}

    });

    for (File jar : jars) {
      addToClasspath(jar);
    }

  }

  private static void addToClasspath(File jar) {
    URL url = toURL(jar);

    if (url != null)
      _classpath.add(url);
  }

  private static URL toURL(File file) {
    try {
      return file.toURL();
    } catch (MalformedURLException ex) {
      System.err.printf("Error converting %s to a URL: %s\n", file, ex
          .getMessage());

      return null;
    }
  }

  private static void fail(String message) {
    System.err.println("Launcher failure: " + message);

    System.exit(-1);
  }

}
This gets packaged up as an executable JAR (i.e., with a MainClass manifest entry pointing to this class). Launching ends up looking like.
java -jar launcher.jar --addjardir lib org.example.MyMain --my-main-opt
Basically, the -jar launcher.jar and its options (--addjardir) replaces any other classpath manipulations. Once the classpath is setup, launcher emulates Java in terms of locating MyMain and executing its main() method, passing any remaining options.

13 comments:

Jesse Kuhnert said...

Sweet, you make it look so obvious and shameful that it's missing when you put it like that. ;)

Sure beats the scripts and definitely beats web start.

I'm still fond of wrapper http://wrapper.tanukisoftware.org - for reasons I don't remember anymore and have no desire to re-visit.

Mandr said...

we use web-start to launch our swing app, so that we don't need to maintain any start up scripts, and we can update the client remotely. You may want to consider this solution.

btw, I think tapestry-ioc is a pretty good app server. any thoughts on how to integrate it with a swing client?

Matt said...

Look interesting.

In our product PaperCut NG, we use the "Java Service Wrapper" for the services. It works very well, and handles JVM crashes gracefully bu restarting the application.

For client applications, we use simple shell script for Unix that add all JAR files in the lib dir to the path.

On Mac we create a native ".app" package.

On windows we use a great little launcher called Janel (http://janel.sourceforge.net/). You just use a copy of their launcher "exe", rename it to "myapp.exe", and create a "myapp.lap" text file in the same directory. This file defines the classes to load JVM options, etc. It works perfectly ... and gives your applications a native feel.... which is essential for commercial applications.

PS: PaperCut NG's user interface is also completely developed in Tapestry. It's Tapestry 3.0 and we'd love to move to a newer version ... but we don't have the time right now. It would be a big job!

Thanks again Howard.

Technically speaking said...

I commonly use this convention when I need to include many JARs in the classpath:

java -Djava.ext.dirs="path" "Classname" "Parameters..."

Maybe this would also help.

-Nearchos

speedskater said...

Your approach looks really nice.

Have you thought about using one-jar.
With it you get a single jar that you can start with java -jar yourapplication.jar. All your depending jars
are put into this jarfiles.
I tried it yesterday and it realy makes a good impression. We used the new preview but had to batch it because of a small bug with resourcefiles having a dot within their path.
We are still having a problem with classloading by javassist and tapestry 4.1 and try to figure out how we can get around it.
But beside this it really offers an easy and elegant way to deliever standalone applications. For getting started with it there is also an eclipse plugin for generating this kind of jar fjep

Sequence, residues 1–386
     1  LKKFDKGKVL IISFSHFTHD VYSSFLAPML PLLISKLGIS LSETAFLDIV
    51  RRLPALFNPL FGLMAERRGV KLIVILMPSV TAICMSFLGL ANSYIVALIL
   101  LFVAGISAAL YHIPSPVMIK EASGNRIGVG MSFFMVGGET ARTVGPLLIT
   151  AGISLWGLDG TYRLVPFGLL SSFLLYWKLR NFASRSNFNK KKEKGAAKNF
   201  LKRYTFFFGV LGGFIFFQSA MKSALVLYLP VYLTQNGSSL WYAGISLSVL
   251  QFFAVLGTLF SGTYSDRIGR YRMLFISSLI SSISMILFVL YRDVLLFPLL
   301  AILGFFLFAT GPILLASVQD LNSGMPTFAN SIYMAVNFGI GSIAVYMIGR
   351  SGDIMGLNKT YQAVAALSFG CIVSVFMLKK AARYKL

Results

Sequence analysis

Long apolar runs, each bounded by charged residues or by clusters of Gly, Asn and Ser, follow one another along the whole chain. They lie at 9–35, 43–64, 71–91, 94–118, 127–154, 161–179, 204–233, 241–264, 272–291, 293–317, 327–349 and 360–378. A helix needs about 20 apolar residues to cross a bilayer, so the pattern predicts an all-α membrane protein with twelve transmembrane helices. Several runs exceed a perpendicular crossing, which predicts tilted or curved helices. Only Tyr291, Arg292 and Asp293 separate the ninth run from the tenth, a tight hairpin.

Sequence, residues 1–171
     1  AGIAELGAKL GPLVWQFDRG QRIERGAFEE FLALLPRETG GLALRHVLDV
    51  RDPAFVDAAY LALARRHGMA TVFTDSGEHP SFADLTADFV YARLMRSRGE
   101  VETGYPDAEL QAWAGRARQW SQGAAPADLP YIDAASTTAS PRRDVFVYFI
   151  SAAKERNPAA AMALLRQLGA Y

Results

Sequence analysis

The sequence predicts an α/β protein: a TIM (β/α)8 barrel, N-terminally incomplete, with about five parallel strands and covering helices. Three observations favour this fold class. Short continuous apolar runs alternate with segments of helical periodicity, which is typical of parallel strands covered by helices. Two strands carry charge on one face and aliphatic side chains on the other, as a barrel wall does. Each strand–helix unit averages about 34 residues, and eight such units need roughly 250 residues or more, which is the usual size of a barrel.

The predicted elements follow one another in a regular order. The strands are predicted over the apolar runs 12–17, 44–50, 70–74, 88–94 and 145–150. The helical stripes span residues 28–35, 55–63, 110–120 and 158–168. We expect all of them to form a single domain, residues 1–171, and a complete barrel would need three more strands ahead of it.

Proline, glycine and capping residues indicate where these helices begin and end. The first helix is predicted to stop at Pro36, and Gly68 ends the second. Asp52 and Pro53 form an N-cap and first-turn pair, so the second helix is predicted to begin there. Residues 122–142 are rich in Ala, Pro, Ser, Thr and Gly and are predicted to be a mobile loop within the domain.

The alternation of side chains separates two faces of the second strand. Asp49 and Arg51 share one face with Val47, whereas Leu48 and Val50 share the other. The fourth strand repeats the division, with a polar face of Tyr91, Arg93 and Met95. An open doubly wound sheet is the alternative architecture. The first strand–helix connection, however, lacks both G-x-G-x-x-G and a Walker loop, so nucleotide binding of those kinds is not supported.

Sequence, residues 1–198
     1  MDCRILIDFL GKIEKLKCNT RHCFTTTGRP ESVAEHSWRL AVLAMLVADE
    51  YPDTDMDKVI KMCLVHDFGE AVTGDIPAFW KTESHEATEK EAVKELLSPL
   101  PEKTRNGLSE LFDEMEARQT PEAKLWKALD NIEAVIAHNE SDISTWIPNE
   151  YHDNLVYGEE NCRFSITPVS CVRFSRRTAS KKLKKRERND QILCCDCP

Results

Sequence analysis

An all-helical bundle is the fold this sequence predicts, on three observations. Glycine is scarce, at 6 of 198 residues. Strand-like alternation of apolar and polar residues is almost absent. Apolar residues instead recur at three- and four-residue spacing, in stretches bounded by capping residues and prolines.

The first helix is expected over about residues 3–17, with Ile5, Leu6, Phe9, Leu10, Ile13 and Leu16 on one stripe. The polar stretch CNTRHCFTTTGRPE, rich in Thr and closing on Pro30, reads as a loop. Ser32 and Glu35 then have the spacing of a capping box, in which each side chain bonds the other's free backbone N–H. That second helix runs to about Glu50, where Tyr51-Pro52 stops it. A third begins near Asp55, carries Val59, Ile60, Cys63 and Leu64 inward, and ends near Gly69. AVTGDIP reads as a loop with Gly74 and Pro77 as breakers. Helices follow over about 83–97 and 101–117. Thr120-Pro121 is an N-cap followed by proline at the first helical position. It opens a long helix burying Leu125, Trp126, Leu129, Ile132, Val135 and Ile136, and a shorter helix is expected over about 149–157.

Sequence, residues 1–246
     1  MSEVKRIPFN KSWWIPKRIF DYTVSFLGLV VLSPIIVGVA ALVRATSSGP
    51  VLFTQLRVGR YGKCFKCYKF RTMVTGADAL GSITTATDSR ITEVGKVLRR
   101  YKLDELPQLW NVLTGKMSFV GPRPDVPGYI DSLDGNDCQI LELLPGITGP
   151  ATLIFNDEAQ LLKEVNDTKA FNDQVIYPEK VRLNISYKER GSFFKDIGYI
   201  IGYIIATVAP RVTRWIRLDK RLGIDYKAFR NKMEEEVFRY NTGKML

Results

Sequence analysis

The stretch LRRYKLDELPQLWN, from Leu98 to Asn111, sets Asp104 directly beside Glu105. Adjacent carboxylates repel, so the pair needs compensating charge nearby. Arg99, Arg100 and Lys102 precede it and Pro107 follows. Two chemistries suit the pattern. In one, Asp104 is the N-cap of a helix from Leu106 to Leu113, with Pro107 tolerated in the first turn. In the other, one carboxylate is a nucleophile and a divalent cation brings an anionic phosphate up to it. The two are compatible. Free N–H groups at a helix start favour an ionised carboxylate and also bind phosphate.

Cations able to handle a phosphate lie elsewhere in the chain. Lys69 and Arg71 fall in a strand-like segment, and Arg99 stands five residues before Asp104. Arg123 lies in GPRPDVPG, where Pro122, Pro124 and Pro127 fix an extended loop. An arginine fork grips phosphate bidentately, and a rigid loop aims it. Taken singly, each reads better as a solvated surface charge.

Sixty4Bit said...

I found a small bug, the code after the fail will never be run.

if (arg.equals("--addclasspath")) {
if (cursor + 1 == args.length) {
fail("--addclasspath argument was not followed by the name of the directory to add to the classpath.");

String dir = args[cursor + 1];

add(dir);

cursor += 2;
continue;
}
}

Howard said...

speedskater: good catch! Why didn't QA complain I wonder?

Thanks to all for some of the pointers; many of the more obvious solutions (single JAR, JWS) don't fit our profile for cultural and technical reasons I can't really get into. Futher, this code was designed more for the QA team (the real client code uses an installer).

Mike said...

Another alternative is to use the Class-Path attribute in your main JAR's MANIFEST.MF file. There are a couple of ANT tasks that make it quite easy.

<manifestclasspath property="jar.classpath" jarfile="${leyton.jar}">
<classpath refid="manifest.classpath" />
</manifestclasspath>
<manifest file="${manifest.file}">
<attribute name="Class-Path" value="${jar.classpath}" />
<attribute name="Main-Class" value="uk.co.pekim.leyton.Main" />
<attribute name="SplashScreen-Image" value="uk/co/pekim/leyton/resources/leyton-large.png" />
</manifest>

Howard said...

Yep, I'm aware of the manifest tricks, I've used them before. They aren't appropriate to what we're trying to do for a number of reasons, including our own custom/secure artifact download system as part of the application launcher.

Philip said...

In a proof of concept for a rich client, I used Tapestry IOC (v5) and it worked quite nicely... particularly distributed contribution (a la Eclipse extension points). The project has just received the go-ahead, so I'm hoping that we'll build a Tapestry-inspired framework for Swing (business forms-focused) development. (Hope to publish/OS the results soon.)

Howard said...

Sounds like fun. That's what I'm doing, except that I'm retrofitting Tapestry 5 IoC into an existing framework. It often feels like an uphill battle.

Joachim said...

Or you could use the (windows only) java launcher at http://blog.progs.be/?p=15 which also gets rid of the windows console which hangs around and has some other neat tricks (like copying the jars to allow updates, downloading jars, restarting when the program is killed).

Maurice said...

Cool...

Under what license do you place this class? BSD? GPLv2? Apache?

Thanks,

Maurice